2. data about when every ECS event started and stopped

  3. a mapping between ECS service names and the relevant product areas

  4. a mapping between EBS volumes and the instances they are attached to

To roll all of this up for the analytics team, I broke out the analysis by AWS product. For each AWS product, I totaled the Segment product areas and their costs, for that AWS product. 

The data gets rolled up into three different tables:

  1. Total costs for a given ECS service in a given month

  2. Total costs for a given product area in a given month

  3. Total costs for a (AWS product, Segment product area) in a given month. For example, "The warehouses product area used $1000 worth of DynamoDB last month."

The total costs for a given product area look like this:

And the costs for an AWS product combined with Segment product area look like this:

For each of these tables, we have a finalized table that contains the finalized numbers for each month, and a rollup append-only table that writes new data for a month as it updates every day. A unique identifier in the rollup table identifies a given run, so you can sum the AWS bill by finding all of the rows in a given run.

Finalized data effectively becomes our golden ‘source of truth’ that we use for top-level metrics and board reporting. Rollup tables are used to monitor our spend over the course of the month.

Note: AWS does not "finalize" your bill until several days after the end of the month, so any sort of logic that marks the billing record as complete when the month flips over is incorrect. You can detect when the bill becomes "final" because the invoice_id field in the billing CSV will be an integer instead of the word "Estimated".

A few last gotchas

Before closing, we realized that there are a few places where a little bit of preparation and knowledge could have saved us a lot of time. In no particular order, they are:

  • Scripts that aggregate data or copy it from one place to another are infrequently touched and often under-monitored. As an example, we had a script that copied the Amazon billing CSV from one S3 bucket to another, but it failed on the 27th-28th of each month because the Lambda handler doing the copying ran out of memory as the CSV got large. It took a while to notice this, because the Redshift database had a lot of data and the right-ish numbers for each month. We’ve since added monitoring to the Lambda function to ensure that it runs without errors.

  • Be sure these scripts are well documented, especially with information about how they are deployed and what configuration they need. Link to the source code in other places where they are referenced - for example, any place you pull data out of an S3 bucket, link to the script that puts the data in the bucket. Also consider putting a README in the S3 bucket root.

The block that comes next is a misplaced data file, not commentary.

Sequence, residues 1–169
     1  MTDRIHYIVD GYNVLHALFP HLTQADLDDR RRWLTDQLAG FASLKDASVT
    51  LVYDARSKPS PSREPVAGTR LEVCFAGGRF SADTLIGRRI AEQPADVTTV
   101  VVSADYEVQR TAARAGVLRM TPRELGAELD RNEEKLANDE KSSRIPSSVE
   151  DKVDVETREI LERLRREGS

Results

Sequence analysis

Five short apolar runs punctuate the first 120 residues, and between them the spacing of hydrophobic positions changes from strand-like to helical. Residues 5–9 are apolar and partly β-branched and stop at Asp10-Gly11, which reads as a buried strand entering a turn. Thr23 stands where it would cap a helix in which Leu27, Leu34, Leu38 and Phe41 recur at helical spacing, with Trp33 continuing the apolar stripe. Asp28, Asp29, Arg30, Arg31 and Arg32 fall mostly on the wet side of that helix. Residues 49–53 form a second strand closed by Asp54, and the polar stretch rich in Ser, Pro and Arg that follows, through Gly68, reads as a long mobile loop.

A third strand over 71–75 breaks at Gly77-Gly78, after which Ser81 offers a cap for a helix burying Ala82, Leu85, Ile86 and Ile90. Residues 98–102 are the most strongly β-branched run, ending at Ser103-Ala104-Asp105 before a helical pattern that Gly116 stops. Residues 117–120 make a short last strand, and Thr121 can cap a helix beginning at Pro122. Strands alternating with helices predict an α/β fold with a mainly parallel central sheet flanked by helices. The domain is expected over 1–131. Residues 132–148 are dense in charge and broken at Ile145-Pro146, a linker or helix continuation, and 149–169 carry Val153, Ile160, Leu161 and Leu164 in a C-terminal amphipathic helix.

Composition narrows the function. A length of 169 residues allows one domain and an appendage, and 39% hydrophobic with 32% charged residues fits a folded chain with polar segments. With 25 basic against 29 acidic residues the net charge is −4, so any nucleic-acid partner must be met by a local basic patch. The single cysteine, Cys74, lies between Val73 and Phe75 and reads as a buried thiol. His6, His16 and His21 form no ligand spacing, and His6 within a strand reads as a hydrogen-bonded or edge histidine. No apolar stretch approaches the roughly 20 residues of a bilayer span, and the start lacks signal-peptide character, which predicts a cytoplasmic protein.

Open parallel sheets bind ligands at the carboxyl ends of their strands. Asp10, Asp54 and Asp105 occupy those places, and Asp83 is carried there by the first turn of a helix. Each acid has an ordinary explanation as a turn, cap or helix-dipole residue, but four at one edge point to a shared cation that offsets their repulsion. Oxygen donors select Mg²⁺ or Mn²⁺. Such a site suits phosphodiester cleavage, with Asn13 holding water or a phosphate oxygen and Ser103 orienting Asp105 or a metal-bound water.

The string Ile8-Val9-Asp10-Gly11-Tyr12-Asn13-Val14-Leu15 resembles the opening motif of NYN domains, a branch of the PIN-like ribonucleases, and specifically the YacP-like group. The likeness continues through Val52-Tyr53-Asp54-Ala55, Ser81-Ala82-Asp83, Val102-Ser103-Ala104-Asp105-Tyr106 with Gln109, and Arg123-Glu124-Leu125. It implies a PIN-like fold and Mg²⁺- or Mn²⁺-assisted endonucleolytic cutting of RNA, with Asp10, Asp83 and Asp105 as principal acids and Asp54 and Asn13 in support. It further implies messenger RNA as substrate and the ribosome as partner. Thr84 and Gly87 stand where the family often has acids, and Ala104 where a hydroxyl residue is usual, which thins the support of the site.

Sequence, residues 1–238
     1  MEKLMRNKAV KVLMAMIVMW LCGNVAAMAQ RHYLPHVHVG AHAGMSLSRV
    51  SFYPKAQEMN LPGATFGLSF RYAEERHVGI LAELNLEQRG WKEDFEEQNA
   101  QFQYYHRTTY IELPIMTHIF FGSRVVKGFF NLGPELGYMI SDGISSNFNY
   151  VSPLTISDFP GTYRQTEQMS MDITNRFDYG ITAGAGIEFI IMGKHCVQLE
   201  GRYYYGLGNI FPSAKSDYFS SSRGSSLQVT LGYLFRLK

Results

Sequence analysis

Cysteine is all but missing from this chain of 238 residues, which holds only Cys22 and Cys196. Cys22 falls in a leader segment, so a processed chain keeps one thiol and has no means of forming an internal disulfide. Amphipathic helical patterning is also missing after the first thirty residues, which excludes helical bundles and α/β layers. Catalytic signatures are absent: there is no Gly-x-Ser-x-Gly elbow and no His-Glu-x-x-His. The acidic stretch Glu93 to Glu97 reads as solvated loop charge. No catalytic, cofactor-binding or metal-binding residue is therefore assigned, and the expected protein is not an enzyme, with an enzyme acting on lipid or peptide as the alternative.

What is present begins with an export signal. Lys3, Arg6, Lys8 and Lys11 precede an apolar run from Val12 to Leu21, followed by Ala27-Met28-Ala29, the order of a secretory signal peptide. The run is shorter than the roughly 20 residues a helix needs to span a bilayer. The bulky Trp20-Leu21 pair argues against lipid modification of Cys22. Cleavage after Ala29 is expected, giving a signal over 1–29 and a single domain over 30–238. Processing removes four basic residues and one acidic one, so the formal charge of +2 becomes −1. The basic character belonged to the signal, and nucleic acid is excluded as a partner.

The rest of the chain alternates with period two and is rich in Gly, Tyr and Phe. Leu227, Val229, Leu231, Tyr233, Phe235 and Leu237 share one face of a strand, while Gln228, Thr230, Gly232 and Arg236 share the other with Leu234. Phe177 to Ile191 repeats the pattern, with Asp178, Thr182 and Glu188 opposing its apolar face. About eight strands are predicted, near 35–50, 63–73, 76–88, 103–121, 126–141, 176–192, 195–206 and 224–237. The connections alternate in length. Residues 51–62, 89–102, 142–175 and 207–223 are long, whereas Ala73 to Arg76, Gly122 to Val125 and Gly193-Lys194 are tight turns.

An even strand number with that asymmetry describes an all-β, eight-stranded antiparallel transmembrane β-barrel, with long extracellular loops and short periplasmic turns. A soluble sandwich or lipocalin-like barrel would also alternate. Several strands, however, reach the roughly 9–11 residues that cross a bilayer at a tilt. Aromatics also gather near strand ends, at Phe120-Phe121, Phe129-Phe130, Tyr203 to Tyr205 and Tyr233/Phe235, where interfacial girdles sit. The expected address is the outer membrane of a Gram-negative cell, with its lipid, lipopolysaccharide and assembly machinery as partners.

• Redshift queries can be really slow without optimization. Consult with the Redshift specialist at your company, and think about the queries you need, before creating new tables in Redshift. In our case we were missing the right sortkey on the billing CSV tables. You cannot add sortkeys after you create the table, so if you don't do it up front you have to create a second table with the right keys, send writes to that one and then copy all the data over.

  • Using the right sortkeys took the query portion of the rollup run from about 7 minutes to 10-30 seconds.

  • Initially we planned to run the rollup scripts on a schedule - Cloudwatch would trigger an AWS Lambda function a few times a day. However the run length was variable (especially when it involved writing data to Redshift) and exceeded the maximum Lambda timeout, so we moved it to an ECS service instead. 

  • We chose Javascript for the rollup code initially because it runs on Lambda and most of the other scripts at the company were in Javascript. If I had realized I was going to need to switch it to ECS, I would have chosen a language with better support for 64 bit integer addition, and parallelization and cancellation of work.

  • Any time you start writing new data to Redshift, the data in Redshift changes (say, new columns are added), or you fix integrity errors in the way the data is analyzed, add a note in the README with the date and information about what changed. This will be extremely helpful to your data analysis team.

  • The blended costs are not useful for this type of analysis - stick to the unblended costs, which show what AWS actually charged you for a given resource.

  • There are 8 or 9 rows in the billing CSV that don't have an Amazon product name attached. These represent the total invoice amount, but throw off any attempt to sum the unblended costs for a given month. Be sure to exclude these before trying to sum costs.

The bottom line

As you might imagine, getting visibility into your AWS bill takes a large amount of work–both in terms of custom tooling and identifying expensive resources within AWS.

The biggest win we’ve found comes from making it easy to continuously estimate your spend rather than running the occasional ‘one-time-analysis’.

To do that, we’ve automated all of the data collection, enforced tagging within Terraform and our CI, and educated the entire engineering team how to properly tag their infrastructure. 

Rather than sitting within a PDF,  all of our data is continuously updated within Redshift. If we want to answer new questions or generate new reports, we can instantly get results via a new SQL query.